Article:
The trial court issued a summary judgement in favor of Lowery Masonry because Lowery Masonry had workers’ compensation coverage with Texas Mutual Insurance Company.
The Court of Appeals reversed the trial court’s judgment. The Court of Appeals focused on the agreement’s phrase “additional payment,” noting that the inclusion of this phrase contemplated that HWC would have received its usual and customary payment from another identified source. The Court of Appeals found that Lowery Masonry did not conclusively establish an unambiguous or definite legal meaning in the contract in its favor. Accordingly, the Court of Appeals remanded the case back to the trial court for further proceedings.
The Court of Appeals did not address whether such contracts are permissible under the Texas Workers’ Compensation Act or whether an employer who signs such a contract can be liable for additional reimbursement where a workers’ compensation carrier paid benefits pursuant the applicable medical fee guideline. However, based on the Court of Appeal’s decision, employers should be cautious about entering into such guarantee agreements.
DWC ADOPTS MEDICAL FEE DISPUTE RESOLUTION RULE AMENDMENTS
The DWC adopted amendments to its Rule 133.307 (28 Tex. Admin Code §133.307) allowing health care providers and pharmacy processing agents to electronically submit requests for medical fee dispute resolution. The new rule for electronic submissions will go into effect on February 22, 2021. The DWC will post a copy of the amended rule on its website at https://www.tdi.texas.gov/wc/rules/2020rules.html.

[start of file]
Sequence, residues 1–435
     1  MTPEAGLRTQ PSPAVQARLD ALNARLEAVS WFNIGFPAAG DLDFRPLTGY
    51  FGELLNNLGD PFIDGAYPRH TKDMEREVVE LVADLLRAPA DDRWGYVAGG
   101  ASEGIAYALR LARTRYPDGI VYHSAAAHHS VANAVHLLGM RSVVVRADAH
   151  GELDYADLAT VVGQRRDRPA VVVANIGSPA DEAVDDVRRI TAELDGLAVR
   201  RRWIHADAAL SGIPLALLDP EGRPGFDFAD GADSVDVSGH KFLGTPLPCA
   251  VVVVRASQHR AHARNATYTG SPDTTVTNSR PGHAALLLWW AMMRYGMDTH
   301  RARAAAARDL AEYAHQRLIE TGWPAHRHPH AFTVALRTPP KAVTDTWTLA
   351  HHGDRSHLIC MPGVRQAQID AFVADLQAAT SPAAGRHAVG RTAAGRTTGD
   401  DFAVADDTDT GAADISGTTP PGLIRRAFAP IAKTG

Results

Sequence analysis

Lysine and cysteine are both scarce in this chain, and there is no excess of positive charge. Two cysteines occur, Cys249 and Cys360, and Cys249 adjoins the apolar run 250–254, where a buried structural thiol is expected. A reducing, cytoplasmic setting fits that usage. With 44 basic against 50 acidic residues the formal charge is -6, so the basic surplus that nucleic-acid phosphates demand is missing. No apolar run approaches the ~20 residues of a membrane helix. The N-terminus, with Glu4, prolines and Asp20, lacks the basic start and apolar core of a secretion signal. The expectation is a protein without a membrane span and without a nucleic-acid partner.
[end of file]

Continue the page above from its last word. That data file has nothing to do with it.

DWC EXTENDS COVID-19 DATA CALL – COMMISSIONER BULLETIN # B-0003-21
On June 2, 2020, the DWC issued a mandatory data call for certain information related to COVID-19 injuries reported to select insurance carriers on or after December 1, 2019. To ensure that the DWC has sufficient information to determine the impact of COVID-19 injuries on the Texas workers’ compensation system, DWC has extended the data call through June 2021. The DWC has reminded system participants:
- Only selected insurance carriers/groups are required to comply with the data call. Selected insurance carriers must provide summary data using the COVID-19 data call reporting forms and instructions. Each selected insurance carrier or group is required to provide one data submission per insurance carrier or group.
- Insurance carriers/groups must submit the requested data to DWC through the insurance carrier Austin representative’s secure file transfer protocol box no later than 5 p.m., Central time to be considered timely.
- Data call submissions are cumulative.
DWC ASKS FOR INPUT ON RULE REVIEW
The DWC is performing a routine review of all of its rules associated with Rule Chapters 140-144 (Dispute Resolution), 147-148 (Agreements, Settlements, Commutations and Hearings Conducted by the State Office of Administrative Hearings), 150 (Qualifications for Representatives), 152 (Attorney Fees), and 156 (Carriers’ Austin Representative). DWC is accepting public comments on whether the rules in these chapters still have reason to exist or should be repealed, readopted, or readopted with amendments. To comment on this rule review project, submit your written comments by 5 p.m., Central time, on February 16, 2021. You may email comments to [email protected], or mail or deliver them to: Cynthia Guillen, Legal Services, MS-4D Texas Department of Insurance, Division of Workers’ Compensation, 7551 Metro Center Drive, Suite 100, Austin, Texas 78744-1645.